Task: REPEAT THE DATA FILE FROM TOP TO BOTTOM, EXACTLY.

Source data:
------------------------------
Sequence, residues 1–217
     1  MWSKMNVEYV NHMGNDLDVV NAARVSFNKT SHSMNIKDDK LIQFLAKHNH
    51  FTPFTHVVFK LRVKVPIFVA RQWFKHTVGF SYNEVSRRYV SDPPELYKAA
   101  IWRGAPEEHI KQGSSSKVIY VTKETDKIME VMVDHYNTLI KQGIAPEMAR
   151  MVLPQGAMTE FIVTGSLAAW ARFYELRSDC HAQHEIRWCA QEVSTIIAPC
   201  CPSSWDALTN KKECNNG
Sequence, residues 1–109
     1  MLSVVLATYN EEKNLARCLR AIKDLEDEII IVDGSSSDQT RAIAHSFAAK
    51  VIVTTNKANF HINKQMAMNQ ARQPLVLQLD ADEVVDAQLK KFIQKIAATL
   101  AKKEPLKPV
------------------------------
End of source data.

Sequence, residues 1–217
     1  MWSKMNVEYV NHMGNDLDVV NAARVSFNKT SHSMNIKDDK LIQFLAKHNH
    51  FTPFTHVVFK LRVKVPIFVA RQWFKHTVGF SYNEVSRRYV SDPPELYKAA
   101  IWRGAPEEHI KQGSSSKVIY VTKETDKIME VMVDHYNTLI KQGIAPEMAR
   151  MVLPQGAMTE FIVTGSLAAW ARFYELRSDC HAQHEIRWCA QEVSTIIAPC
   201  CPSSWDALTN KKECNNG
Sequence, residues 1–109
     1  MLSVVLATYN EEKNLARCLR AIKDLEDEII IVDGSSSDQT RAIAHSFAAK
    51  VIVTTNKANF HINKQMAMNQ ARQPLVLQLD ADEVVDAQLK KFIQKIAATL
   101  AKKEPLKPV